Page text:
If we want to create a website, a blog, an online store or an application, we need a system that allows us to manage our publications. Something that allows us to publish the posts of a blog, manage the products of our eCommerce, the courses of a training platform, etc. The systems we use for this process are the Content Managing System (CMS) or Content Management Systems.
Currently we have at our disposal a wide range of CMS. From WordPress, the most popular in the world, through Magento, the most widespread in eCommerce, Prestashop, the best known in the Hispanic world, or many others such as Drupal, Joomla, etc.
These traditional CMSs are perfect for end users who just want to install everything in a few clicks and start managing their site. They usually come packaged in a .zip folder, we extract it and generate a folder structure. Because that’s how they work, based on their own structure. Both the website that the user will see and the control panel that we manage are part of the same structure. And when we upload it to the server, we upload it all together. In addition, in their marketplaces we can find themes and plugins to customize our site.
But, if you like to customize your website by creating your own HTML code and your own CSS, these CMS force you to adapt to the way their templates work. Is there an alternative? The headless CMS.
What is a Headless CMS
It sounds a bit strange, a “headless” CMS, but is basically a CMS that only has the backend, and the content management between our control panel and our website is done through API queries, so these CMS are designed with API Rest architecture.
In other words, a Headless CMS does not have the web part of a traditional CMS. And what the user “consumes”, whether it is a web application, a blog or a store, is designed and developed separately with the programming language of your choice, apart from the CMS.
In this way, both the Headless CMS and the website maintain their different folder structure, and we could even say that each one is on different servers, they could even be using different technologies, since the way they communicate is through an API.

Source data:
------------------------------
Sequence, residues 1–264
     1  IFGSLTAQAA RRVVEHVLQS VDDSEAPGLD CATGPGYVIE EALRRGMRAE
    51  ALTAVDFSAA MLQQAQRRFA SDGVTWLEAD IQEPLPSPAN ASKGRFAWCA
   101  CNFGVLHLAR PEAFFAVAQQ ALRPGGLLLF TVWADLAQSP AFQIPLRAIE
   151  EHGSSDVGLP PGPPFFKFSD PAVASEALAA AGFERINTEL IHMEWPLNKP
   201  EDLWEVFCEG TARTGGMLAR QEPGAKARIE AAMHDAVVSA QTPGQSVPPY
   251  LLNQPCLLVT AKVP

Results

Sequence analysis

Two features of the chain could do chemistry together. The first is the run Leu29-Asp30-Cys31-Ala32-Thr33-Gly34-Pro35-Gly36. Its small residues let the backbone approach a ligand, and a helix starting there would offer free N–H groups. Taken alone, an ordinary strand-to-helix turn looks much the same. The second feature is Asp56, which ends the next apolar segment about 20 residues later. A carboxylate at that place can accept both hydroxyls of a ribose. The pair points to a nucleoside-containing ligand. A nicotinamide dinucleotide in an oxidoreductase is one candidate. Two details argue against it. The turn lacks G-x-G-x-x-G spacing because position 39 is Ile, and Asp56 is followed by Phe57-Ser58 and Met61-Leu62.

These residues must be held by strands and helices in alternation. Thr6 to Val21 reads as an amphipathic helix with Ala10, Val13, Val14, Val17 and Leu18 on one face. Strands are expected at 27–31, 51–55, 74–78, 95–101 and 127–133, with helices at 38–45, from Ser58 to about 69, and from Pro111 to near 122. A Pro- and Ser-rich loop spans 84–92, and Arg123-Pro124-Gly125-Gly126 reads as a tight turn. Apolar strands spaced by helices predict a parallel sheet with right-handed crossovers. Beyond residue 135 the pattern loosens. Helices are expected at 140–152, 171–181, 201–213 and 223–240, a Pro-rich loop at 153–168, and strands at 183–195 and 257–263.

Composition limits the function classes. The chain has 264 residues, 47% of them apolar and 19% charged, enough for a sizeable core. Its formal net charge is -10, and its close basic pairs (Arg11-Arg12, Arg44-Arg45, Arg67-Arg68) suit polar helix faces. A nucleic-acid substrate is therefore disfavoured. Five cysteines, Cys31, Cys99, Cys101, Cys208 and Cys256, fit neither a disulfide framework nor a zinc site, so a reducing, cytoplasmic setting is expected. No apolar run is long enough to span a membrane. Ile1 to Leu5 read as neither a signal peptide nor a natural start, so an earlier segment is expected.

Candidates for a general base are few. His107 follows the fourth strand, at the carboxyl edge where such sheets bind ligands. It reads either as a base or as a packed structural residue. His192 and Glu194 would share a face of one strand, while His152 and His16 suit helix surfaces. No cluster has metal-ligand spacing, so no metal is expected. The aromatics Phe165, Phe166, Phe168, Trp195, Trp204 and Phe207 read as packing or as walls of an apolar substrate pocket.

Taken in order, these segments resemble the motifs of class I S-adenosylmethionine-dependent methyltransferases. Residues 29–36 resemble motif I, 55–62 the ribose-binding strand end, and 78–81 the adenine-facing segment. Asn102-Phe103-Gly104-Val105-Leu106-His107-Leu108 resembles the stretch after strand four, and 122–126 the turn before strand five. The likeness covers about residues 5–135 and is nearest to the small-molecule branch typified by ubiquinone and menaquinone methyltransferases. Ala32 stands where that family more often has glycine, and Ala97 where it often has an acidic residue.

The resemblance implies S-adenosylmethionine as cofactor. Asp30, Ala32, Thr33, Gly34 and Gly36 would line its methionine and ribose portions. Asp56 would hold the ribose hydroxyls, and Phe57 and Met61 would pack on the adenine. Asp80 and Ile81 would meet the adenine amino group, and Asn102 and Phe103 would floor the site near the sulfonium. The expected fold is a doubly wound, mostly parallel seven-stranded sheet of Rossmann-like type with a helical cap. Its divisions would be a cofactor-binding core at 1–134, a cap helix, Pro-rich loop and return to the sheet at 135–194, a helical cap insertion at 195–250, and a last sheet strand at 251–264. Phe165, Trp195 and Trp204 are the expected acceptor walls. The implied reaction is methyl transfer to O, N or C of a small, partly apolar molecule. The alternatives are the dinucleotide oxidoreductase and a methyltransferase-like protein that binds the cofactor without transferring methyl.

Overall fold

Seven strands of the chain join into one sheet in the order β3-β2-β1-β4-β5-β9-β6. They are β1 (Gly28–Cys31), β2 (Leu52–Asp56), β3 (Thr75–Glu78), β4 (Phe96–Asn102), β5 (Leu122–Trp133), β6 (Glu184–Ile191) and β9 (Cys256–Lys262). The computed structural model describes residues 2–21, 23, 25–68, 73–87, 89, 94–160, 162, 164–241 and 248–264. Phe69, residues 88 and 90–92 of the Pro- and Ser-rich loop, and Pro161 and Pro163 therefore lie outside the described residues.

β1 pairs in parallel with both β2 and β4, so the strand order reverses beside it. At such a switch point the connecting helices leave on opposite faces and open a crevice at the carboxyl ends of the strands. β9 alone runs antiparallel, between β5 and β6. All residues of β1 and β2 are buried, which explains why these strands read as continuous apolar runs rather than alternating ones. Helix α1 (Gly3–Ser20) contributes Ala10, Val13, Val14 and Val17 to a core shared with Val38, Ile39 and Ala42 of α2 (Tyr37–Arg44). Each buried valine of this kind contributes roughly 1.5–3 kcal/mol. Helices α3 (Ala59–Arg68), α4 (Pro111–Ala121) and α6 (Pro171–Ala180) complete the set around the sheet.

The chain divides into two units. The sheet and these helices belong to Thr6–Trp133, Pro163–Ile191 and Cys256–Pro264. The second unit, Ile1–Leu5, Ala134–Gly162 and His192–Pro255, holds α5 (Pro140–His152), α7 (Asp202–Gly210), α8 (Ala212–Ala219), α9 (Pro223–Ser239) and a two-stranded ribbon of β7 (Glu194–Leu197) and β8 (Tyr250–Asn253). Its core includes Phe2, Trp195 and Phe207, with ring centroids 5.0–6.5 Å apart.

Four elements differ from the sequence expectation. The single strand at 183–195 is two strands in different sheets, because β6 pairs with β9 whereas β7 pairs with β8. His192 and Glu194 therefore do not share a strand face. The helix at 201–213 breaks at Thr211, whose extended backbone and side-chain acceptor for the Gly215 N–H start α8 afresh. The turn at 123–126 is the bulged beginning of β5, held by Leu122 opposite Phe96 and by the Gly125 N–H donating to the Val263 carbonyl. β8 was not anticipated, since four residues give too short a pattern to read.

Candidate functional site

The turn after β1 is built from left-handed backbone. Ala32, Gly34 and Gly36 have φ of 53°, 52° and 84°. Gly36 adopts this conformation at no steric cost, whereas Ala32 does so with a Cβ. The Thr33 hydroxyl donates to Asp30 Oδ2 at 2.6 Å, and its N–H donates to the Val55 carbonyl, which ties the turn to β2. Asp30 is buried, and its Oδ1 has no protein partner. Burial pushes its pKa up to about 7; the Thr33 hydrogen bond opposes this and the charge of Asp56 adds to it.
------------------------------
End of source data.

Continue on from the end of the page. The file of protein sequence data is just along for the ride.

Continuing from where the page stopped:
In fact, one of the great advantages of the Headless CMS is that, by being able to communicate with a project hosted on a different server, it gives us the possibility of communicating with two or more websites. Even though they are encoded in different languages.
Summarizing the concept, the Headless CMS decouples the Front-end (the visible face of eCommerce) from the Back-end (the logical part of eCommerce) allowing both parties to communicate through an API (Application Programming Interface). This allows information to be sent and received between the Front-end and the Back-end in a totally instantaneous way: product information, payment gateways, etc. And, thanks to its decentralized operation, it is easier to adapt the user interface without affecting the proper functioning of other areas of the business.
What is REST API
The REST API is the interface of the Headless CMS and, contrary to what one might believe, it is not particularly complex. REST fully follows the style of web architecture and it is possible to communicate with it through commands to access or modify data on the server.
This REST API is built based on a series of criteria:
- Resources are provided
- Link resources using links
- Clear messages
- Directions to identify the elements
Advantages of Headless CMS in eCommerce
Focused on eCommerce, the main advantage of a Headless CMS is that it allows companies to be more agile and flexible, increasing the potential to experience changes, based on new technological advances and future trends, thus reducing the workload and maintenance from any online store.
In fact, a headless approach frees eCommerce from the limitations of monolithic platforms, offering a solution that allows them to scale faster and improve online store performance, with the common goal of creating much more personalized customer experiences.
On the other hand, separating the Front-end from the Back-end allows multiple Front-ends to be connected to the same Back-end, pushing the content to any channel and device, such as the website, a mobile application, social networks, etc. In this way, we can enhance the omnichannel nature of our business.
But, ultimately, a Headless CMS has many other advantages:
- Possibility of using different programming languages
- Dynamic data
- Possibility to use the content in different editions and platforms
- Simultaneous and parallel actions within the web
- Greater creative freedom for developers and designers
- Unlimited amount of frontends
If you want to discover all the possibilities that the Headless CMS has, get in touch with our development team, who will be delighted to show you everything it can do for your project.